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Reading, Berkshire

[Up to 1834] [After 1834] [Staff] [Inmates] [Records] [Bibliography] [Links]

Up to 1834

In December 1624, Reading received a bequest of £8,400 in the will of wealthy London draper John Kendrick. The money was designated for several causes but the bulk, £7,500, was to establish a workhouse. The mayor and burgesses were to purchase:

a faire plot of ground within the said towne... and thereupon shall erect and build a strong house of Bricke fit and commodious for setting of the poore on worke therein; or else shall buy and purchase such an house, being already built, if they can finde one alreadie fitting, or that may with a reasonable summe be made fir for the said use; the same house to have a faire garden adjoyning, and to be from time to time kept in good and sufficient reparations by the said mayor and burgesses for the time being for ever.

The residue of the bequest was to fund a:

common stock to be employed and bestowed in trade of clothing, either in making of coloured cloathes, or whites, as the time shall require; and also in working of Wooll, Hemp, Flax, Iron, grinding of Brasill woods and other stuffes for Dying, or otherwise, as... shall seeme convenient for the employment of poore people, and for the preservation and encrease of the said common stocke.

A bequest of £4,000 was made on identical terms for the setting up of a workhouse in Newbury.

In January 1626, the town corporation paid William Kendrick (John's brother) the generous sum of £1,900 for his house and workshops on Minster Street, opposite St Mary's church, and with handy access to the Holy brook and Mill stream. By 1628, the site had been redeveloped to provide a workhouse for poor clothiers. The impressive building (for which William Brockman, brickmaker of Tilehurst, supplied 200,000 bricks and 20,000 tiles) became known as "The Oracle" — the name possibly deriving from "orchal", a violet dye obtained from lichen. It consisted of rows of workshops around a central courtyard, with Kendrick's remodelled house forming the north and east sides. The main entrance, at the north side was through an ornate dutch-gabled stone gateway.

The Oracle, 1802.
© Peter Higginbotham.

The premises included a large dye-house containing three furnaces, two woad vats and a float vat), a stockarding house, a medling loft with beating hurdles, several weavers' shops containing six broad looms and a kersey loom, and various clothworkers' shops. By 1633, a Widow Lampit had been given the free use of several rooms in the workhouse to teach and set the poor on work is spinning and carding. A small amount of residential accommodation was also provided for several employees including the overseers of the weaving and clothworking shops.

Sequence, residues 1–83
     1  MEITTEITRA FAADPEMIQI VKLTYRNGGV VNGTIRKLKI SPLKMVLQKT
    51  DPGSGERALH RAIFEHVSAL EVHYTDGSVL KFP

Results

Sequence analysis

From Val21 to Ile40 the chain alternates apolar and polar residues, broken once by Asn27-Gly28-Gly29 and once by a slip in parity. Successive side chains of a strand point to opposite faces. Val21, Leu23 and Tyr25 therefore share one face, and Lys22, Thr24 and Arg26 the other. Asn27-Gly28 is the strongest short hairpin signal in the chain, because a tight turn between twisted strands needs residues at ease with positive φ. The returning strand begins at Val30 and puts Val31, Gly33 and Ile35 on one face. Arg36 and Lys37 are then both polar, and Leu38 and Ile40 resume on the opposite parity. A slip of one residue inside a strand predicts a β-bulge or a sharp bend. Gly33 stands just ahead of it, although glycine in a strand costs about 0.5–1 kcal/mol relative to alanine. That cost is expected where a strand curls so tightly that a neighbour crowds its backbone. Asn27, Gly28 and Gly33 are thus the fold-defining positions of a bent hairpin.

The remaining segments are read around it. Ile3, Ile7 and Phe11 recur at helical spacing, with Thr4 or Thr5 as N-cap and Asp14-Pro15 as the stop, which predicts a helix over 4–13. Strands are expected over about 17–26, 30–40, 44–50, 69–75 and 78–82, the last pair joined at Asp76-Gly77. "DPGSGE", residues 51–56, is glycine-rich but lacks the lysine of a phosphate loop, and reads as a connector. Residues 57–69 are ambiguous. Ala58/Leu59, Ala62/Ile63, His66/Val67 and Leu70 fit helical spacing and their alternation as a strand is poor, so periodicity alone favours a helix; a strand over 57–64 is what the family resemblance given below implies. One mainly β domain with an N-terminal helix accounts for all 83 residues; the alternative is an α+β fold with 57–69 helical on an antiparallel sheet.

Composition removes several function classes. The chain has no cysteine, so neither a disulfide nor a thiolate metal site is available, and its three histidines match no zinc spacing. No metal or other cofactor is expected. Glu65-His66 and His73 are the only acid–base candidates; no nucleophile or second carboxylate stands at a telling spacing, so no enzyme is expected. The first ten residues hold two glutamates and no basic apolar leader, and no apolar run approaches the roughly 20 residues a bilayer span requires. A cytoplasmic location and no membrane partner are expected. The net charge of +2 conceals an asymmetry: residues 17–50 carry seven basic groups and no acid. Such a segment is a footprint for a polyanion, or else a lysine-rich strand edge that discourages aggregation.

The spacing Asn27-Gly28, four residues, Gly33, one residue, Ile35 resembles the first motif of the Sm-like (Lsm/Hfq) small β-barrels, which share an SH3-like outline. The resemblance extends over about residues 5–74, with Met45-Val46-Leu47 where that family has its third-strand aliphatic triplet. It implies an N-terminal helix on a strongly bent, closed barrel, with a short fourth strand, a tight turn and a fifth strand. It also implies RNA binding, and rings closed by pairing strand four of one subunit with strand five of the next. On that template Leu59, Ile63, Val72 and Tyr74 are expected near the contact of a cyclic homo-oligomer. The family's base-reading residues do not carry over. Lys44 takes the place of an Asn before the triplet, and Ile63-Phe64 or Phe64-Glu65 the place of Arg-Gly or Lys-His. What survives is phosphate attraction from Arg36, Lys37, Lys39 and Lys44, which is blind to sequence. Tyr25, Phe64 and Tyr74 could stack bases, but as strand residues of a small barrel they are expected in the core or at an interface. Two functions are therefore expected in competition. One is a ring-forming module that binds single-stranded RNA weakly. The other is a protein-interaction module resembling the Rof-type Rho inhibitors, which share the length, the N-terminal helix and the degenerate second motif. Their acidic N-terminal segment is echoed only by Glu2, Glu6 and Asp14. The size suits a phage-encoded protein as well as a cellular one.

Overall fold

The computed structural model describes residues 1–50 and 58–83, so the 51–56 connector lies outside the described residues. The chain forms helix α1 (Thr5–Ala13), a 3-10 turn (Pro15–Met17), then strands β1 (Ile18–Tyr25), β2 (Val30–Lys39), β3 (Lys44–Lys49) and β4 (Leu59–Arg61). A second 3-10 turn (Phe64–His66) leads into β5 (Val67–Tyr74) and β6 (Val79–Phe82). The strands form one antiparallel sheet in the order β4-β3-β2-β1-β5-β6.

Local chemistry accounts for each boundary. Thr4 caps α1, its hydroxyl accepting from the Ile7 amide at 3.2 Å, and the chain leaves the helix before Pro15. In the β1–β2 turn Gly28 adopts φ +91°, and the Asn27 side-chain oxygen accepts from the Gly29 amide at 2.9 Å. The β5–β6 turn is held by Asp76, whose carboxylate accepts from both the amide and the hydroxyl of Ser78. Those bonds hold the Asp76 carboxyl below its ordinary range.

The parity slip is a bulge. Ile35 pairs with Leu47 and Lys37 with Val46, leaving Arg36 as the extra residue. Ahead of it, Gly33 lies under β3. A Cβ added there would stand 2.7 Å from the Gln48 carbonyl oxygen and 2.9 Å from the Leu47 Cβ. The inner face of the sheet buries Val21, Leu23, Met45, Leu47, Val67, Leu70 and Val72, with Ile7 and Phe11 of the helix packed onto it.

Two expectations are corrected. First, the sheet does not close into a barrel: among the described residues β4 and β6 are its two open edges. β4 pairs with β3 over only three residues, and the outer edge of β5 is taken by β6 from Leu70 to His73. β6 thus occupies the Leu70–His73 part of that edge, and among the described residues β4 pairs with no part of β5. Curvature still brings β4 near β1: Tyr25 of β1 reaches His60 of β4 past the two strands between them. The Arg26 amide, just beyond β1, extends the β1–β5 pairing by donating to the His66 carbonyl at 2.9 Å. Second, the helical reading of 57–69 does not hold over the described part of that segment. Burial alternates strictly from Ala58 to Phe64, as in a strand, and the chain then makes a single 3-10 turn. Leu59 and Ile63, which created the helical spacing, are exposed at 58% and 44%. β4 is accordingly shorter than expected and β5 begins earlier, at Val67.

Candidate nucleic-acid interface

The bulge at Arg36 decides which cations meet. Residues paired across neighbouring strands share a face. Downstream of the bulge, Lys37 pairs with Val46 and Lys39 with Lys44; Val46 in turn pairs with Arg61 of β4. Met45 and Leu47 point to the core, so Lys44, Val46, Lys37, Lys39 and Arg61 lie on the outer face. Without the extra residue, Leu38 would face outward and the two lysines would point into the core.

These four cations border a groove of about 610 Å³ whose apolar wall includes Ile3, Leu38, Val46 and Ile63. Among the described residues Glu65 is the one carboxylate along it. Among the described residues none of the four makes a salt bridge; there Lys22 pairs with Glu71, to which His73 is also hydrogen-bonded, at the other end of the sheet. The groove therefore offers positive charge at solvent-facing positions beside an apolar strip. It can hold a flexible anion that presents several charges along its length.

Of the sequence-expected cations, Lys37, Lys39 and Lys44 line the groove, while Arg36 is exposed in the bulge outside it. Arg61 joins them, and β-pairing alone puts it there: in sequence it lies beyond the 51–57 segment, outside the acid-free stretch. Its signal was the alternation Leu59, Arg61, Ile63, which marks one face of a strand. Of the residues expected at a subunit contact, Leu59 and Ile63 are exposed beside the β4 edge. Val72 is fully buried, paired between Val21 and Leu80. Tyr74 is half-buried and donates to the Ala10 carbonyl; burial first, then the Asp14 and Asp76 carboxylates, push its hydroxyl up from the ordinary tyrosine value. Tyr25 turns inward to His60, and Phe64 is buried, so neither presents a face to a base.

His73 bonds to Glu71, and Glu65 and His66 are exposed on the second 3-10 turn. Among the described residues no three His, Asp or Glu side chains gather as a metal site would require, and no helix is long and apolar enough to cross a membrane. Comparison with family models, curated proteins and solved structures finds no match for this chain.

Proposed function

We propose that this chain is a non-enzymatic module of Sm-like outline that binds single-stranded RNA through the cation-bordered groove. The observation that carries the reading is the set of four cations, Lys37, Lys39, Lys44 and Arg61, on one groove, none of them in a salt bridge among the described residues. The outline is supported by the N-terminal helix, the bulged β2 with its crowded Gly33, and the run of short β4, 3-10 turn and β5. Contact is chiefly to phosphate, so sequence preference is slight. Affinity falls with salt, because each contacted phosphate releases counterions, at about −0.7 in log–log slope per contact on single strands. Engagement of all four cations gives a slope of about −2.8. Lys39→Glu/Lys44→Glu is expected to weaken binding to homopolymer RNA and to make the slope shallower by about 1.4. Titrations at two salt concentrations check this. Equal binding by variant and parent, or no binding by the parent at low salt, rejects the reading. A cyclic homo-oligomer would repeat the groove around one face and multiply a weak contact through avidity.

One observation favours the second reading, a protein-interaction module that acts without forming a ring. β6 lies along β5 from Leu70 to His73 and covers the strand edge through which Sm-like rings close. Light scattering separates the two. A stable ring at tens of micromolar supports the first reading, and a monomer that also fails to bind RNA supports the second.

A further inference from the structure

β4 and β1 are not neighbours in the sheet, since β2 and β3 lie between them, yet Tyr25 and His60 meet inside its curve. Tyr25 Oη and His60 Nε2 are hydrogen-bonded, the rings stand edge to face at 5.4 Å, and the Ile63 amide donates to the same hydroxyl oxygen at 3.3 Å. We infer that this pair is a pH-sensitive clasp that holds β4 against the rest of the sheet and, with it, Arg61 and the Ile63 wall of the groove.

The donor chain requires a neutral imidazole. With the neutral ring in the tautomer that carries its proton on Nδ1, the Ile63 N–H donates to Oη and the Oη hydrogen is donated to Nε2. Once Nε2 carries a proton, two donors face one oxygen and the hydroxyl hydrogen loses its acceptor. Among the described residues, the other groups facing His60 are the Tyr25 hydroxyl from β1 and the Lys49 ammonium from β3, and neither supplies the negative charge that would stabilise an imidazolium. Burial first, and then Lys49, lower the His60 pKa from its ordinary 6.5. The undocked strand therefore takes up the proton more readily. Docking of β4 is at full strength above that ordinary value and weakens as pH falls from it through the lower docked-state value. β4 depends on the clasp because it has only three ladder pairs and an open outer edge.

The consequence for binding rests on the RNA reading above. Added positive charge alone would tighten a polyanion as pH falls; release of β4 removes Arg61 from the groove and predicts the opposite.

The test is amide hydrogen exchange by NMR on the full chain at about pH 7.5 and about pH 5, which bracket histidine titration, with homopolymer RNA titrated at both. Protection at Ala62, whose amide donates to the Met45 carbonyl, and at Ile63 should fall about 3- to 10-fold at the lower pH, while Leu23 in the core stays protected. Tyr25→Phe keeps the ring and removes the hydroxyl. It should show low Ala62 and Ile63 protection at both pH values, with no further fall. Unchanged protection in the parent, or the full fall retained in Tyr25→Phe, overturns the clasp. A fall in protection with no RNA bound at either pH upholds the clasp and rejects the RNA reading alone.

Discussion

The workhouse was run by several "undertakers" — local clothiers, appointed by the Corporation, who organised the cloth production for which they received loans from the common stock. In 1628, the first intake of 24 weavers, 16 shearmen, and six burlers took up employment at the workhouse. For its first two years, the operation ran at a profit but this soon began to change. Complaints also began that insufficient work was being created for the poor. In 1639, the workhouse was reorganised to provide training and employment for fatherless children.

The Oracle became a troop garrison during the English Civil War, and then 'an Habitation for an idle sort of Poor, who lived in it Rent free.' The building was demolished in 1850 and the site redeveloped.

Later parish workhouses included: St Giles', an old building on Horn Street for 62 inmates; St Laurence's, a group of old cottages on Thorn Street, for 100 inmates; and St Mary's, a building on Pinkney's Lane dating from the 1770s, also for 100.

Eden, in his 1797 survey of the poor in England, reported of the St Mary's workhouse that: